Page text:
Primary care provides the first point of contact and access to health care services. For the pediatric population, the goal is to help healthy children stay healthy and to help those that are sick get better. Primary care facilitates regular well baby/child visits; health promotion and disease prevention; investigation, diagnosis and management of acute and chronic illnesses; health education; both consultation and collaboration with, and referral to other health care professionals. There is a protective association between regular well-child visit care and preventable hospitalization. Further, low adherence to well-child care and poor continuity of care are independently associated with increased risk of hospitalization. With a declining number of family physicians caring for children, and only a portion of pediatricians providing primary care services, it is becoming increasingly difficult for children and their families to access primary care. Nurse practitioners are in a unique position to improve access to primary care and improve health outcomes for children. Limited literature is available on the nurse practitioner role in primary care pediatrics. The purpose of this paper is to describe the development, implementation and evaluation of a Nurse Practitioner-led pediatric primary care clinic in a tertiary care setting. Utilizing the participatory, evidence-based, patient-focused process for advanced practice nursing (PEPPA framework), this paper highlights the results of the initial needs assessment/gap analysis, the new service delivery model, populations served, and outcome measures.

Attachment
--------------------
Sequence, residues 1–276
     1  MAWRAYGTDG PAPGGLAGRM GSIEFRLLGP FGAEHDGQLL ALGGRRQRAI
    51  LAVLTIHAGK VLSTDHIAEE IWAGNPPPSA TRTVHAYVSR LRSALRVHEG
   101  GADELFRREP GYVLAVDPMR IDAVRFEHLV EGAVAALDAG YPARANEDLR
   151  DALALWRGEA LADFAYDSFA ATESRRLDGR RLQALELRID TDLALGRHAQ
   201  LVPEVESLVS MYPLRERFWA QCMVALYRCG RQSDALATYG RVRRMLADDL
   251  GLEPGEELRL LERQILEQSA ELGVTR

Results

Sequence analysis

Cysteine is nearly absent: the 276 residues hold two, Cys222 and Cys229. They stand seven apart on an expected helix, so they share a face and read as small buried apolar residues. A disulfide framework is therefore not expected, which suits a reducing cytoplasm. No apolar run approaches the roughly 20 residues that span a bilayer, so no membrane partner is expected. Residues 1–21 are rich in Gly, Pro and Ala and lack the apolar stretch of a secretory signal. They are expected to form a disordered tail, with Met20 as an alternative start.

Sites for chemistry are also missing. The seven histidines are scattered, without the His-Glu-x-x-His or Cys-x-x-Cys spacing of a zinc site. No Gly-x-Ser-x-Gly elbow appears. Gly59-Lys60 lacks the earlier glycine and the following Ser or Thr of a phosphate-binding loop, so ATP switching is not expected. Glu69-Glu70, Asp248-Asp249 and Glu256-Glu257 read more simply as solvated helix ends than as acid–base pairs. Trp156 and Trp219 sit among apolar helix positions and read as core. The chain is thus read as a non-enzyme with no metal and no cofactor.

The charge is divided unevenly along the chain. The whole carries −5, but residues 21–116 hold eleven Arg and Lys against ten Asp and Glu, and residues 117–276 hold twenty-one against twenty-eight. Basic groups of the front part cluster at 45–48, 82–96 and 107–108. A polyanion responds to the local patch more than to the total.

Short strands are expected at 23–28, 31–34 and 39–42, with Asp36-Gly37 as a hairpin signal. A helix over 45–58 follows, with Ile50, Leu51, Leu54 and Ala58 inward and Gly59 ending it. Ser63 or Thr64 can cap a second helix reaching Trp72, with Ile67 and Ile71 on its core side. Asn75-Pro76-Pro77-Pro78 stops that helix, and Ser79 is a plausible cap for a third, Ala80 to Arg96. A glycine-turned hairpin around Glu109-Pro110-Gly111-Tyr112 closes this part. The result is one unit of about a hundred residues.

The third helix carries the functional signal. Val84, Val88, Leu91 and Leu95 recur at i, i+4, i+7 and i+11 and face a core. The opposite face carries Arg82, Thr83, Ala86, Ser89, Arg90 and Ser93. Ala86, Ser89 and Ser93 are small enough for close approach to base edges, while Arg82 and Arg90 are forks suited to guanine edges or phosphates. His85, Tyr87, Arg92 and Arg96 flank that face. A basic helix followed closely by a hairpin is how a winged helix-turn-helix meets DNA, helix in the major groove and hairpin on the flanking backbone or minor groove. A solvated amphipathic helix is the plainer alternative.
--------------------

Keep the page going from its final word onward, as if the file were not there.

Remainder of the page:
Keywords: access, health outcomes, nurse practitioner, pediatric primary care, PEPPA framework

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10208 Chronic Hepatitis C Virus Screening: The Role, Strategies and Challenging of Primary Healthcare Faced to Augment and Identify Asymptomatic Infected Patients

Authors: Tarek K. Jalouta, Jolietta R. Holliman, Kathryn R. Burke, Kathleen M. Bewley-Thomas